Page last updated at 08:18 GMT, Tuesday, 15 September 2009 09:18 UK

Obama's congressional battleground

By Max Deveson
BBC News, Washington

Barack Obama
Mr Obama has an ambitious legislative agenda this autumn

US President Barack Obama has been struggling to push his healthcare reform package through the Senate.

And it looks as though he will find it equally difficult to pass some of his other key legislative priorities this autumn: establishing a "cap and trade" scheme to combat climate change; and tightening controls on Wall Street.

What obstacles lie in Mr Obama's path as he seeks to make his mark on American society? And what compromises will he be forced to make to push his agenda through?


Mr Obama's travails in Congress over healthcare have been well-documented.

He wants to extend coverage to all Americans, by mandating everyone to get insurance and subsidising the less well-off. His reforms would also introduce tough new regulations for the insurance industry.

Financial regulation: Mr Obama wants to tighten the rules governing the US banking system, but his reforms could face opposition on Wall Street, and when bankers talk, lawmakers listen.
Healthcare: Will enough senators vote through Mr Obama's ambitious health bill - and will it include a publicly-run insurance scheme?
Climate change: A bill establishing a "cap-and-trade" scheme for carbon emissions has passed through the House of Representatives, but senators from coal-producing states threaten to derail its passage through the upper chamber.

Most controversially, he wants Americans who do not have employer-provided health coverage to be able to choose a publicly-run insurance scheme, or "public option".

A bill that includes a public option looks set to pass through the House of Representatives, but moderate Democrats in the Senate have voiced opposition to any bill that would establish a government-run scheme.

Meanwhile, liberal Democrats in the House have threatened to reject any bill that does not contain a public option.

A bill looks likely to emerge from the Senate Finance Committee by the end of September, and both chambers are expected to hold floor votes on their respective versions of the bill in October.

After that, a conference committee (consisting of members of both chambers) will meet to reconcile the different versions.

If agreement can be reached - and liberals are more likely to give way on the public option than centrists - then Mr Obama could have a bill to sign by the end of November.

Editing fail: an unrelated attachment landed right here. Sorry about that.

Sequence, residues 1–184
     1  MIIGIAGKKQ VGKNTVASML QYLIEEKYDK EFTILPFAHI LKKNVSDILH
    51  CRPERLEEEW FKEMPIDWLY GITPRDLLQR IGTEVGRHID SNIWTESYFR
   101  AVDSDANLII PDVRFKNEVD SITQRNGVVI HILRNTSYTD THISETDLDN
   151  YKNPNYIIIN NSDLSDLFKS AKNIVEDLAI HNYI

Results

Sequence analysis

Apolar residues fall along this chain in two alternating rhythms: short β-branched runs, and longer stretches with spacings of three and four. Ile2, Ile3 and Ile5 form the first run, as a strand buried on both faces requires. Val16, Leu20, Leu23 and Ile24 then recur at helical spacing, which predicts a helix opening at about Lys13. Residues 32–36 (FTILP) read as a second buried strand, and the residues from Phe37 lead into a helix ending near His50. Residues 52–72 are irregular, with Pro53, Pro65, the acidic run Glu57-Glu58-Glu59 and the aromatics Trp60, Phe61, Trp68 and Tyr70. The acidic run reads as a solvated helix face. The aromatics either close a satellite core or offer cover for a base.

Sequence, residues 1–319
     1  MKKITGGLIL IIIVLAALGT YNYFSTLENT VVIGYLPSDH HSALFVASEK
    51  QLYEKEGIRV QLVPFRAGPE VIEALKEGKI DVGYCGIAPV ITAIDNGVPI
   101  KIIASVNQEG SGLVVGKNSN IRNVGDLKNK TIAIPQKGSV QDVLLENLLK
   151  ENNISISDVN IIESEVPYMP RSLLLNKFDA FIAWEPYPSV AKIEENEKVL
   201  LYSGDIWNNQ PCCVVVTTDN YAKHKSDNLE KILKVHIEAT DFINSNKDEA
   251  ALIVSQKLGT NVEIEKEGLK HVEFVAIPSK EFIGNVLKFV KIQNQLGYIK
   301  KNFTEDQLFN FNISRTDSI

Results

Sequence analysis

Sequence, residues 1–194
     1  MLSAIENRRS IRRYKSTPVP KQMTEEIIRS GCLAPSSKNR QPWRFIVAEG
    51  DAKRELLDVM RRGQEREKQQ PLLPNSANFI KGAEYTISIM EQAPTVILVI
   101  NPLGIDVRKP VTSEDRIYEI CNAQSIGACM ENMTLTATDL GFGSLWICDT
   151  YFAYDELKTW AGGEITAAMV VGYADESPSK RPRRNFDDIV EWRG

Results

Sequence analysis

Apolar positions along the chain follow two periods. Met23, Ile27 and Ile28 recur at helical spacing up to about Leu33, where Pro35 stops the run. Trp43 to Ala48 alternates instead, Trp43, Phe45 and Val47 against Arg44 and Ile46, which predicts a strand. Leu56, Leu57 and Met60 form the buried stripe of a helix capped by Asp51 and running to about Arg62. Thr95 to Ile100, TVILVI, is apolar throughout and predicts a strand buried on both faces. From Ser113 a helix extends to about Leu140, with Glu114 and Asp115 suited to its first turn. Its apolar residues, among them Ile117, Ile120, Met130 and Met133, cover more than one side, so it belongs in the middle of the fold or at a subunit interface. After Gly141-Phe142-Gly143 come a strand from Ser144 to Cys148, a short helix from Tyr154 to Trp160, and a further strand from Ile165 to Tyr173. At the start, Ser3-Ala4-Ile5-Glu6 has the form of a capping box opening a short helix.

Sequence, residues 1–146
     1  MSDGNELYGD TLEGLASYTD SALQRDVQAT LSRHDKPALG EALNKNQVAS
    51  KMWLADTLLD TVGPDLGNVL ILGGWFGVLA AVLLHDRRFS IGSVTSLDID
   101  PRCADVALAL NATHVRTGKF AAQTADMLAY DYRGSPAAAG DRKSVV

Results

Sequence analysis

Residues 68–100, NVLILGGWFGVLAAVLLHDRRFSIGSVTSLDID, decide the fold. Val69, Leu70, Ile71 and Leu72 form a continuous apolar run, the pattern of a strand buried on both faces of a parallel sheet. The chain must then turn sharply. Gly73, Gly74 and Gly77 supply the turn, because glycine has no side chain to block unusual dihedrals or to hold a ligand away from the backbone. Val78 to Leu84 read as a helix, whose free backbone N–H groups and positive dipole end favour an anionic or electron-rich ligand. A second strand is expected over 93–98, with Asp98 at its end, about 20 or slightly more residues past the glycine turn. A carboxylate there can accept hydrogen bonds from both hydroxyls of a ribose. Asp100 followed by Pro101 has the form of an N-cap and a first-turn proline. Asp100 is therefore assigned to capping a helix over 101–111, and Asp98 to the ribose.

Mr Obama's first response to the economic crisis was to pour stimulus money into the economy in an attempt to save jobs and restart consumer spending.

He also supported and continued the government bailout - started by his predecessor - of a number of ailing financial institutions.

But he always maintained that the financial sector needed more than just bailout money to prevent a repeat of the crisis - it required tougher regulation as well.

In June, his Treasury Secretary Timothy Geithner laid out a series of rule-changes that the administration wanted to see.

US Capitol building
Congress is haggling over the details of healthcare reform and cap and trade

A new agency would be set up to protect consumers from predatory lenders. A new body would be established to oversee the regulation of the financial sector. And financial firms would be required to increase their capital holdings, so that they would be better able to weather financial turmoil in the future.

The healthcare bill took up most of the administration's legislative attention over the summer, and Mr Obama made no attempt to push financial regulation through Congress.

But as the world marked the first anniversary of the collapse of Lehman Brothers Mr Obama turned his focus back onto finance, with a speech reiterating his reform proposals.

The new regulations, although they do not go as far as some liberal economists would like, are far from popular on Wall Street.

Bankers and lenders complain that new regulatory agencies are not necessary, and will just slow business down.

Mr Obama wants to pass a bill through Congress by the end of the year. He has key allies there, like House Financial Services Committee Chairman Barney Frank and Senate Banking Committee Chairman Chris Dodd.

But bankers have deep pockets and are big political donors, so any complaints they may have about the legislation will be given careful consideration by members of Congress.


When he entered the White House, Mr Obama made it clear that - after healthcare - combating climate change was his top domestic priority.

His favoured method for reducing carbon emissions was the creation of a cap-and-trade scheme.

Under his scheme, the amount of carbon that could be emitted in the US would be capped, and firms would be given permits (according to their size) to emit specified amounts of carbon.

Firms that produce less carbon would be able to trade their permits to firms that need to produce more than their allotted quota, so the scheme would create a financial incentive for companies to reduce their carbon emissions.

Mr Obama is keen to get legislation through Congress before the Copenhagen international climate change talks scheduled for December, and a bill narrowly scraped through the House in June, with a majority of just seven.

But the Senate, where Mr Obama's Democrats have a much smaller majority, will be a much tougher proposition.

Many senior Democrats, some from states that rely on coal-mining or heavy, energy-intensive industries, are warning that passing "cap and trade" this year will be a "heavy lift".

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